by Chad Love
If someone asked you to name the most important training tool you own, what would it be? Bumpers? Check cord? Whistle? E-collar? Wingers? Good training grounds?
It’s a hard question to answer because dog training is a completely subjective and individualistic endeavor. What works for one guy won’t work for another. What one person considers important, another doesn’t bother with. Different goals, different methodologies and different philosophies mean there is no single, overarching right answer for anything.
Having said that, I will now, of course, completely ignore the above statement and give you a single, overarching right answer for the original question. I believe the most important training tool a guy can have is a partner or a training group. And before all you lone wolves out there start howling about how you prefer to train solo, let me state that that I am as genetically inclined to misanthropy as any of you.
I’m a loner by nature, and I do the majority of my hunting, fishing, thinking, drinking, dancing (don’t ask) and dog-training alone. But that doesn’t mean I’m a better trainer for it. Far from it. A training partner, or better yet, a regular training group, has a number of big advantages over training alone.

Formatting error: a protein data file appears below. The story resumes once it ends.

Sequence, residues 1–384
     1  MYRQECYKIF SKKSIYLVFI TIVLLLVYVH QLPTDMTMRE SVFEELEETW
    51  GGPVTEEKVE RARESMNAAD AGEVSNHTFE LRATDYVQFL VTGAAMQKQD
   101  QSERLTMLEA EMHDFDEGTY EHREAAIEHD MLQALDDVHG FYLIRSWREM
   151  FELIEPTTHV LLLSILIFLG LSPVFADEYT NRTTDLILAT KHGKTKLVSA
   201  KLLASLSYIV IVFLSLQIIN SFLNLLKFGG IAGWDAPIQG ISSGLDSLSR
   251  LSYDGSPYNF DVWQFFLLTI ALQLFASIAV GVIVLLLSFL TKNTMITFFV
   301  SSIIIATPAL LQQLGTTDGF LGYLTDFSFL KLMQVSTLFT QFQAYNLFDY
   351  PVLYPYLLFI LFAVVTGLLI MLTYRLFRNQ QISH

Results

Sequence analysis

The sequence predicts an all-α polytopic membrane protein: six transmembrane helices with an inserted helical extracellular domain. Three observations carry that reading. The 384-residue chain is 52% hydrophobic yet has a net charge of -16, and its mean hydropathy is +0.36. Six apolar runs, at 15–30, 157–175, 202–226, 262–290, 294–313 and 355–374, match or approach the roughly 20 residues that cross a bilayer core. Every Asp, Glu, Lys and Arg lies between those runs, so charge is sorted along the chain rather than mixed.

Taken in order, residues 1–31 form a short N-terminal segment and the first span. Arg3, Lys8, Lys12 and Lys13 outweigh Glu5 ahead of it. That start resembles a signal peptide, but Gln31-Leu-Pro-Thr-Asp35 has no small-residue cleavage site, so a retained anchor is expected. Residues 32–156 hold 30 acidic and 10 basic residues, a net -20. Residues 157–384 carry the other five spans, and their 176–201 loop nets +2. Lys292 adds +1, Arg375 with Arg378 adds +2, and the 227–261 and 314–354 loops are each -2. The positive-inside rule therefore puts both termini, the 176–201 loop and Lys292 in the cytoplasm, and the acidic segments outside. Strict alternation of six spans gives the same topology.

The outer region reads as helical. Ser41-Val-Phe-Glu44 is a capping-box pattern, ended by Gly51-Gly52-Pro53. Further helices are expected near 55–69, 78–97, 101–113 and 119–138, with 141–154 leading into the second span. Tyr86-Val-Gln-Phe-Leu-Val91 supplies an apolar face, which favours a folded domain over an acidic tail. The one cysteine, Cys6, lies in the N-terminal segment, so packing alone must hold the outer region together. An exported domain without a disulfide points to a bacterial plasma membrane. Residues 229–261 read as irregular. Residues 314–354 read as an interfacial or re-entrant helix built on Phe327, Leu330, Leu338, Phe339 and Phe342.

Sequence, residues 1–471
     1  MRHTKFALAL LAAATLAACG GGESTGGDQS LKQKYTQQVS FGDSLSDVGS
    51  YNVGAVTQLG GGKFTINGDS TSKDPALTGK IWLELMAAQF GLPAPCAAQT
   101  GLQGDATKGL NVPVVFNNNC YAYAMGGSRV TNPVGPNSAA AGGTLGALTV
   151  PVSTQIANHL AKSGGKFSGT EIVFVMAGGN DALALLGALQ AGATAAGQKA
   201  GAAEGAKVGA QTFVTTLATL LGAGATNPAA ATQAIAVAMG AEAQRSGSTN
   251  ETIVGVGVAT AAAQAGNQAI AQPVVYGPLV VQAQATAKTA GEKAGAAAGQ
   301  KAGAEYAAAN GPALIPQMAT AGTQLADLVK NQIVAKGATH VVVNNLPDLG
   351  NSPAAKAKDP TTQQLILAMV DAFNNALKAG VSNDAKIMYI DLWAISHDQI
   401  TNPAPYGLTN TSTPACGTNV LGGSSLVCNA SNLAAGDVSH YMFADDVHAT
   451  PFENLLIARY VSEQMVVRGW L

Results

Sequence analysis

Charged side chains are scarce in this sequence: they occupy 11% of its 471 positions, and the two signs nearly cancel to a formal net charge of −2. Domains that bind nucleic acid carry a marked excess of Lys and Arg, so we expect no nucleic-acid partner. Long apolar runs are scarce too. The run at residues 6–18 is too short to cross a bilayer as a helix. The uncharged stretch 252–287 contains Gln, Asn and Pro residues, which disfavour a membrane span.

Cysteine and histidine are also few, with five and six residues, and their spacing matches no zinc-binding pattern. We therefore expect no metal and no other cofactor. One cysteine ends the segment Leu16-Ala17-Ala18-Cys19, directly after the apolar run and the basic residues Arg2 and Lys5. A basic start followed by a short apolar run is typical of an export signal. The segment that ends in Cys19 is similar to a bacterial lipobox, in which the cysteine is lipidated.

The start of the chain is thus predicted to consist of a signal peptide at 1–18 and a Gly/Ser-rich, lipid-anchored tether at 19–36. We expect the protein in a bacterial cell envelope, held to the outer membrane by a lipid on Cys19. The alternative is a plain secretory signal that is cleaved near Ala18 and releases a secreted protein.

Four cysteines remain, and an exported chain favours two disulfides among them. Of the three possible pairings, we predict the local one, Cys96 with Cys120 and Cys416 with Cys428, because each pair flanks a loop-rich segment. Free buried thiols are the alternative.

First, it’s a source of motivation. Knowing there are others who depend on and expect you to show up motivates you to actually do so on those days when you’d rather just be lazy. And as a corollary to that, nothing will motivate you to keep up the training schedule more than seeing your training partner’s dog perform circles around your dog because you haven’t been showing up and he has.
Second, it’s great socialization for you and your dog. Hermits are grouchy for a reason. So are their dogs. Interaction with others of the same species, human or canine, makes us more likeable, agreeable people. Usually.
Third, you are exposed to different ideas, approaches and methods. We’re human. We tend to overlook our own faults and often fail to recognize not only when something is not working, but why it’s not working. Problems benefits from extra eyeballs, and if you and/or your dog’s progress are stuck in a rut, a fresh perspective or word of advice can often help you get out of it.
Fourth, it makes for easier, faster and more effective training. When you’re alone it’s time-consuming to set up and throwing marks, or plant birds and/or bumpers. Especially if you have an interest in advanced training requiring multiple marks, etc.
Fifth, sharing resources makes training more affordable. Splitting the cost of gas and birds and sharing equipment with partners or a group can take a big bite out of what is admittedly a sometimes-expensive pastime.
And finally, it’s fun training with others. You get to hang with like-minded people and watch good dogs do what they love. What could be better than that? Have I covered all the bases or are there any other good reasons for training with a partner or group?